Clarissa, with dignified unconcern,
looked toward the site of her tuture |
home. The lot sloped a little over the
bill's brow. Just beyond it, in a |
thicket of beeches, the old Saler cot- |
tage slanted its clapboarded roof. |
Gray lichens scaled the eaves, and
blistered the ancient walls like fossil
tears. A scrap of broken window |
blinked into the weedy yard, the fur
ther end of which showed always a
myrtle green spot, darkly evident be-
neath a gnarled rose tree, Whether
there was snow about, or’ the pale
freshuess of spring, the deep verdancy
of summer or the party-colored drift-
ing of autumn leafage, that spot lay al-
ways in view. Saler’s little daughter
had slept for forty years under those
myrtle sprigs. She had been only a
baby when she died ; but though Saler
had moved to another town, and was
old and case hardened in business pur-
suits he still remembered the dimpled
little thing who had been lowered so
long ago into that rifted garden end.
“I'll get him to sell the place, and
we'll tear theold thing down,” said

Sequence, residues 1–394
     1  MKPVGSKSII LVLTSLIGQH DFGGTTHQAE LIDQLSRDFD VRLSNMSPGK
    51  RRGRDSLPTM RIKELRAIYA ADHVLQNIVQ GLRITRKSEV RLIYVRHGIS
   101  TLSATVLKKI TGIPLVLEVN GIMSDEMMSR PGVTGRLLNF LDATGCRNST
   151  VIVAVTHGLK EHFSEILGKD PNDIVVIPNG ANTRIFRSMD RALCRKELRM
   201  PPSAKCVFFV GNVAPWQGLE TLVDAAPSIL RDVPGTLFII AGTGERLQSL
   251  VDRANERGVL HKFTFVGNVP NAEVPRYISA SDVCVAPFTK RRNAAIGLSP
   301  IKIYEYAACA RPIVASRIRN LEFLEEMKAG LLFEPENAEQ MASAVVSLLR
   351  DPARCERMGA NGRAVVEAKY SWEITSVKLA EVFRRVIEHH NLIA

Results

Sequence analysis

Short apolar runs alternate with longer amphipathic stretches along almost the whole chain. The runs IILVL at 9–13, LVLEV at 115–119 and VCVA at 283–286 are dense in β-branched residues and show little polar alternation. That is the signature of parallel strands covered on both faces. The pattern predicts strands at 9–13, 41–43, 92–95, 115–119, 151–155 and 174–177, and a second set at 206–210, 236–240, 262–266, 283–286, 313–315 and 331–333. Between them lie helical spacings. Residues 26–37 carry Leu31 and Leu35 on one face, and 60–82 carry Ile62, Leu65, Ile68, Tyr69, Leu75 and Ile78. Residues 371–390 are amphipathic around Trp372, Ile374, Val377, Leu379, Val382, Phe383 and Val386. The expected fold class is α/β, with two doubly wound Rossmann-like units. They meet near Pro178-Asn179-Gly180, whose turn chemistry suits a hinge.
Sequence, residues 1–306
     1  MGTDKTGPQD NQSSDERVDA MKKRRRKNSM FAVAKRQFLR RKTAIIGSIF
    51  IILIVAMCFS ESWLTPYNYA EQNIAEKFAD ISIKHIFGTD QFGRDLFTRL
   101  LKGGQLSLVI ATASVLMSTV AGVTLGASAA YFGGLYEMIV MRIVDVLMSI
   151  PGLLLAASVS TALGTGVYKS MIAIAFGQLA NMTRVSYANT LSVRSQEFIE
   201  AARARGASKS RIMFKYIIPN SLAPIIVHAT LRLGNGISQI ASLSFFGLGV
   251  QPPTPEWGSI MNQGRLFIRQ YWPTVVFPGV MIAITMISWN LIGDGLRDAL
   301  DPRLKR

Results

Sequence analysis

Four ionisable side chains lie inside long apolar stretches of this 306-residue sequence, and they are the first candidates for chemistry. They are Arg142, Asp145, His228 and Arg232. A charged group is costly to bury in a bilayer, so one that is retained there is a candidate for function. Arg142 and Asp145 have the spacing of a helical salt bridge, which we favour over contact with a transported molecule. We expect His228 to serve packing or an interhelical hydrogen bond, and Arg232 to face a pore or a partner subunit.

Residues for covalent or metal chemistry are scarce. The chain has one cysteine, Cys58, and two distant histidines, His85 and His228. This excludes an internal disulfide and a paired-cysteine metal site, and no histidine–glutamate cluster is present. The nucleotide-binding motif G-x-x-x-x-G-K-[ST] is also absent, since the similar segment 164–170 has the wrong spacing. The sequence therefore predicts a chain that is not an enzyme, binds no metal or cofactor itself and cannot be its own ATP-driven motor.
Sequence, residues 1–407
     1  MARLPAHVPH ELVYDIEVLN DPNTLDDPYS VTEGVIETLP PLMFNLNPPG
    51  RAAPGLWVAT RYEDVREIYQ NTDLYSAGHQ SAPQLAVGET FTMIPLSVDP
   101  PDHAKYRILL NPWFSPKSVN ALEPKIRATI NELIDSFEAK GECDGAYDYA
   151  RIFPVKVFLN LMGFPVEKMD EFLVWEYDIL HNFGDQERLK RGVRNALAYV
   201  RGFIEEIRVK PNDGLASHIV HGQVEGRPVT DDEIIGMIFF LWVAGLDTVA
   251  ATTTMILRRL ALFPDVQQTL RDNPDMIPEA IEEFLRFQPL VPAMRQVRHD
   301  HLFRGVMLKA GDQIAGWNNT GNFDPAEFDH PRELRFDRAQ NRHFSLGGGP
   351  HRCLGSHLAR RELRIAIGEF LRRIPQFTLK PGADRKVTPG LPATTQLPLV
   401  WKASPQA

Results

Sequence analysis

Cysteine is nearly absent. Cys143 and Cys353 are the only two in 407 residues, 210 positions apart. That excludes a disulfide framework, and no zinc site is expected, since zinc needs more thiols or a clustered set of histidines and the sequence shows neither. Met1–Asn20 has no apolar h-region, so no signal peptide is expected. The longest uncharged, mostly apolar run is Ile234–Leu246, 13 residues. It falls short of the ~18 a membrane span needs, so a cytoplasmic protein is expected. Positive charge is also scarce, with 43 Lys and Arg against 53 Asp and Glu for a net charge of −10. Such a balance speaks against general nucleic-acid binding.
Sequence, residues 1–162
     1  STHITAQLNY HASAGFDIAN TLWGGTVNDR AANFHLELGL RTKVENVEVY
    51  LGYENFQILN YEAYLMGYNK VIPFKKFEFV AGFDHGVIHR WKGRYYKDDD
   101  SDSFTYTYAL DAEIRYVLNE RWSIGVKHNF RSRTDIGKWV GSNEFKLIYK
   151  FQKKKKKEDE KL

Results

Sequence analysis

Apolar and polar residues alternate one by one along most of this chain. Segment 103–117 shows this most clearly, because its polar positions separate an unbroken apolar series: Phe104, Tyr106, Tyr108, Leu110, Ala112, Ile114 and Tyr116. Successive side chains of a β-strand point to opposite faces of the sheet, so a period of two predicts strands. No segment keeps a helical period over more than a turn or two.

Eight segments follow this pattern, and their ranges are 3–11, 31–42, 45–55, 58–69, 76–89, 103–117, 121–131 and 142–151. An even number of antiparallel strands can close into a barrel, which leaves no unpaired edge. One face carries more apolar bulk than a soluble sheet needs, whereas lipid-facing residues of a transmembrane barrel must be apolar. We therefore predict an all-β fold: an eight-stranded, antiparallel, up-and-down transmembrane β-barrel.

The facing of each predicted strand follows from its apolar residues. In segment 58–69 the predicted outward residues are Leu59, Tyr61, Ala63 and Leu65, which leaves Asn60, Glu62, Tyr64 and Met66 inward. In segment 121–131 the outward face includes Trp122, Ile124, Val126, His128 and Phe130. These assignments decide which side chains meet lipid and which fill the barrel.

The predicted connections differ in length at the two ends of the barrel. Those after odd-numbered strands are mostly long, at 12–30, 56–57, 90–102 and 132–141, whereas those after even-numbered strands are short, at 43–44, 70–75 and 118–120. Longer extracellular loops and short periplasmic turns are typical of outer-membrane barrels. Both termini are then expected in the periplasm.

“I'll never consent to build opposite
unless you do,” said Clarissa firmly.
“It would make me miserable to have
that rickety hut across the road. It’s
in frightful repair. And that grave!
Oh, of course the place must be torn
“Certainly,” acquiesced Nichols,
with great decision.
Day by day the walls of his new
house rose in pine hued prominence
against the green hill-side. On a cer-
tain summer morning he and Clarissa,
returning from a wedding journey to
Lexington, passed over the freshly
painted threshold of- the lavender-
colored structure, and were at home to
their kinsfolk and acquaintance.
“I never laid eyes onto no such stufted
chairs as you got, Clarissy,” said Mrs.
Bailey, on her first visit. “And lace
curtings and a organ! Well, some’s
born to luck! You'd ought to thank
your God, Clarissy, for givin' you a
man like you got, and a house with
water in the kitchen.”
“I shall never be happy,” said Clar-
issa, smoothing down the folds of her
pink cambric frock, “till that Saler
house is torn down. We've made him